In the real estate sector, some are going even further than this; Hammerson has committed to becoming Net Positive in not only carbon, but waste, water and socio-economic impacts as well by 2030. Grosvenor recently announced their ambition to achieve net zero carbon in operation for their estate, including listed buildings, by 2030. They are also committed to reducing their embodied carbon emissions, taking an important step towards net zero carbon in Construction.
Making net zero buildings a reality
The headline commitments from the Government, cities and the sector leaders have given strong signals on the willingness of the industry to implement change. Ultimately however, hitting the net zero carbon target will require fundamental changes across the industry.
At a basic level, it will mean switching to renewable power sources and moving away from the use of fossil fuels in buildings, like natural gas for heating. Low or Zero Carbon heating solutions are already being adopted in the market, as seen in Lendlease’s 25-acre Elephant Park development, providing zero carbon heat powered by a Combined Heat and Power plant. The challenge will be retrofitting older buildings, as this may require updating traditional energy systems, as well as changing internal layouts and facade. But, with only a maximum of two refurbishment cycles between now and 2050 there is limited opportunity to implement these changes; early action is needed to carefully evaluate the most cost-effective route to transition existing assets to zero carbon.
Given that much of the future performance of a building is dictated by early decisions, achieving net zero carbon, both in operation and in construction, will mean changing the way that we approach design and construction. We will need to explore designs which use fewer materials, and choose materials with lower embodied carbon. Simple choices such as using recycled steel rather than virgin steel and incorporating recycled concrete where possible can have a huge impact on the embodied carbon of the building.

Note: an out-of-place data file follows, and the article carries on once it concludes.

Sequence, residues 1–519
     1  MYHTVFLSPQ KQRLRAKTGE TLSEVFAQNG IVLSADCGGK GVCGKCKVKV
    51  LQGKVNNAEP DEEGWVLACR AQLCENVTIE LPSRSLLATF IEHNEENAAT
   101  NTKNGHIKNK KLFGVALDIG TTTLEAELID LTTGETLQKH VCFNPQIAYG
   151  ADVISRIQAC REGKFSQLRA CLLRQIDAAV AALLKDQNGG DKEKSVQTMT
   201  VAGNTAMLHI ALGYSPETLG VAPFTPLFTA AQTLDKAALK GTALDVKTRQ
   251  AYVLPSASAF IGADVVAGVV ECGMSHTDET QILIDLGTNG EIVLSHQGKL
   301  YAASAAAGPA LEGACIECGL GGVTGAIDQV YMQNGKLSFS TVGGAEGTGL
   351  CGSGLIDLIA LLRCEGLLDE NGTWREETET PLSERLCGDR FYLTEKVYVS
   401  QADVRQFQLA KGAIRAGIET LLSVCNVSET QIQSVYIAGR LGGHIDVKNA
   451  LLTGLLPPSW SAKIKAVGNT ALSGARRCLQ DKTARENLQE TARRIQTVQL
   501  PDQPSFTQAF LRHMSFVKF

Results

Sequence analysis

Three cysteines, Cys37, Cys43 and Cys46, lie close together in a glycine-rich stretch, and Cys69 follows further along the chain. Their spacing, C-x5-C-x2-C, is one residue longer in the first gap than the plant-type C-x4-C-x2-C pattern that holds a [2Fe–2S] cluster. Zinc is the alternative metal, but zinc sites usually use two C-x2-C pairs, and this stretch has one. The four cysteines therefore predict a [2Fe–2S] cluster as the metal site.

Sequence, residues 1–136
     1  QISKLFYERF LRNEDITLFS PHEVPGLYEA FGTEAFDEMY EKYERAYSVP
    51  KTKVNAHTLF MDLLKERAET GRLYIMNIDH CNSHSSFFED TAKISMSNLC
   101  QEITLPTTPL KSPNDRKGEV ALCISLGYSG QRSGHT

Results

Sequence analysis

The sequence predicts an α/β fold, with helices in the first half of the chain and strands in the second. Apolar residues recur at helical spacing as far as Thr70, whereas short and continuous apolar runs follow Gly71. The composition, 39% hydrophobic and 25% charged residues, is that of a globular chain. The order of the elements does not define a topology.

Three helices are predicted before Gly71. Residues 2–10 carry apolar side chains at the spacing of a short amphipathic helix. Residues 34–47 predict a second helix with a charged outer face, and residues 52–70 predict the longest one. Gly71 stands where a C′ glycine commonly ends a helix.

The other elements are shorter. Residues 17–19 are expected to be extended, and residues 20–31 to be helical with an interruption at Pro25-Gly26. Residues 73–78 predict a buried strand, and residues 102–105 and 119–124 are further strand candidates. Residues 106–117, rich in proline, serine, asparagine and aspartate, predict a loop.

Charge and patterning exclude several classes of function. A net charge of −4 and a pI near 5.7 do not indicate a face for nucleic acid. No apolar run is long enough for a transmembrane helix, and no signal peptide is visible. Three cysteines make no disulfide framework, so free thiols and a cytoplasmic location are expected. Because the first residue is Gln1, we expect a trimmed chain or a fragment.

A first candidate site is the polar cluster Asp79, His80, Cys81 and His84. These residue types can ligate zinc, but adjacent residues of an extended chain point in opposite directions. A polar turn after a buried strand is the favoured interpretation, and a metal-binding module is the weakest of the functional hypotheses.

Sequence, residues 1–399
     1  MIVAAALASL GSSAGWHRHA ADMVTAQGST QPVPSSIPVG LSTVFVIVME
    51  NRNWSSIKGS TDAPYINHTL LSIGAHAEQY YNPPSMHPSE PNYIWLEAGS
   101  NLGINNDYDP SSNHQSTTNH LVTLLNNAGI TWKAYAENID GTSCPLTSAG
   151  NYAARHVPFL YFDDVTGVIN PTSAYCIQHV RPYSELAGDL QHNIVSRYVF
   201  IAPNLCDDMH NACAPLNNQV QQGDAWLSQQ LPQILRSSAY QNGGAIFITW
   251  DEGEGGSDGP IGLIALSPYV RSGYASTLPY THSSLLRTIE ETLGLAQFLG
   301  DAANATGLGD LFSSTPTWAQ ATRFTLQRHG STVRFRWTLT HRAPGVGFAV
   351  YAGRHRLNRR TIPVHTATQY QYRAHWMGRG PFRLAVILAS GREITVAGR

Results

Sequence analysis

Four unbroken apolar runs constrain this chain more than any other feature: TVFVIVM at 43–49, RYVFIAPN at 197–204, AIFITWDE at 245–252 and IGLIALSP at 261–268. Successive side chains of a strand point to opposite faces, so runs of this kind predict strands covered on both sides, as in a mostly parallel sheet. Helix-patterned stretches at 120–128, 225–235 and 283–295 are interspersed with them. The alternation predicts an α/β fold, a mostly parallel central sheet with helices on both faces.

Finally, and most importantly, the industry will need to move to a performance focussed approach (as opposed to remaining compliance focussed – whether its Part L or EPC). Net zero carbon is not a label, but a process which demonstrates that a building’s performance is being maintained at net zero carbon. This will require a shift in the whole value chain taking greater ownership of the building’s performance. There is already international best practice which we can learn from - National Australian Built Environment Rating System (NABERS) scheme in Australia has demonstrated the huge positive environmental impact which can be achieved when developers change their approach to design to ensure that buildings meet the expected performance. Recognising the clear benefits of this approach, a collaboration of 20 property investors and delivery partners, led by Better Building Partnership, have partnered with NABERS to implement Design for Performance approach in the UK.
The property sector has significant opportunity to support the transition to a net zero carbon economy in the UK. With the first milestone set for 2030, a mere eleven years away, now is the time to implement these changes and begin to see tangible, positive impact on our environment.
Adapted from an article first published in EG on 10 August 2019.